Atopic Dermatitis

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Atopic Dermatitis

Postby Nick Balgowan » Tue Aug 18, 2009 2:14 pm

Atopic dermatitis
Atopic dermatitis (atopic eczema, neuro-dermatitis) is a constitutional, inflammatory, pruritic skin disease, usually progressing chronically.

The therapy of AD includes mainly corticosteroids (CS), antihistamines and immunosuppressors. CS are known to cause a variety of side effects and attempts have been made to reduce or eliminate their use through alternative methods such as phototherapy (UVA/UVB, UVA(1), UVA(2), UVB 311 nm). In the majority of patients, UV irradiation proves favorable.

The active spectrum is mostly in the UV range, between 300 and 400 nm (equipment with TL/10 (=UVA-2), 'TL'/09, filtered HPA). The dosage (quality and quantity of radiation) has to be adjusted to the individual response of the patient and possibly (in case of a reaction of adaptation) be altered in the course of the therapy. 311 nm UVB therapies has been found to be ideal for following UVA-1 therapy: UVA-1 is used in the initial phase of treatment to manage acute, severe exacerbations of atopic dermatitis and is replaced by nm UVB therapy, which is an effective (and presumably safe) means of maintenance therapy.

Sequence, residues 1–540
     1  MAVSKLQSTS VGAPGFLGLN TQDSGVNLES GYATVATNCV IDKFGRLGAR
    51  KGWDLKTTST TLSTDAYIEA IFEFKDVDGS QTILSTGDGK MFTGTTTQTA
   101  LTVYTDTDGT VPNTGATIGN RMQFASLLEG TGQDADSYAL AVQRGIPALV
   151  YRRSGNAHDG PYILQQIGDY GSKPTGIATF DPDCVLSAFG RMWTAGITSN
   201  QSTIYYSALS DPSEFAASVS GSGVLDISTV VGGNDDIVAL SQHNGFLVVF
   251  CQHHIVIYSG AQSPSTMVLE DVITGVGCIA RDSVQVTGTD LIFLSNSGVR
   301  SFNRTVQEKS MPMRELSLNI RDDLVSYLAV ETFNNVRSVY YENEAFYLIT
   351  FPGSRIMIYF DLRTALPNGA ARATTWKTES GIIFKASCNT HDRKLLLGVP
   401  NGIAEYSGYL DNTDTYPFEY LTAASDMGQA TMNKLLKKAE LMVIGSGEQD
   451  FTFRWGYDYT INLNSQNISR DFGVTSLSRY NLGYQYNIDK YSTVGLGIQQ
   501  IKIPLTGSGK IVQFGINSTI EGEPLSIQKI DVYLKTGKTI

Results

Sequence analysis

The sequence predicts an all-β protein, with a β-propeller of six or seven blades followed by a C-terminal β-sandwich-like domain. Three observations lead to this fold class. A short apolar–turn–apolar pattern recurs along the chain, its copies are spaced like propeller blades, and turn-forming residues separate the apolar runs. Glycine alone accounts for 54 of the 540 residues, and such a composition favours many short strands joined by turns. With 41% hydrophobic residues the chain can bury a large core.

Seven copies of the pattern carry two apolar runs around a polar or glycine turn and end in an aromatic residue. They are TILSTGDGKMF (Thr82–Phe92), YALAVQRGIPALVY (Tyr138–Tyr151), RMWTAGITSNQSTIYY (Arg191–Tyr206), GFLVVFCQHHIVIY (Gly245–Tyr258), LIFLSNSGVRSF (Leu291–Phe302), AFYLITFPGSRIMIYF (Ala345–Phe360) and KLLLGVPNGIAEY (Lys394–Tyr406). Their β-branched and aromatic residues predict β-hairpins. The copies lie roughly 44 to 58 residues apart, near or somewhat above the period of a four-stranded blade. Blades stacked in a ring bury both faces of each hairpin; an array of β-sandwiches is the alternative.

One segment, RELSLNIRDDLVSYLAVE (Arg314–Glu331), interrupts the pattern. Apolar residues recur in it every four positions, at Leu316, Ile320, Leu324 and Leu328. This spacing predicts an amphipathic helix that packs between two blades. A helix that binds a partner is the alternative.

Because its presumed safety, it has also been advocated to be used for children.
Nick Balgowan.
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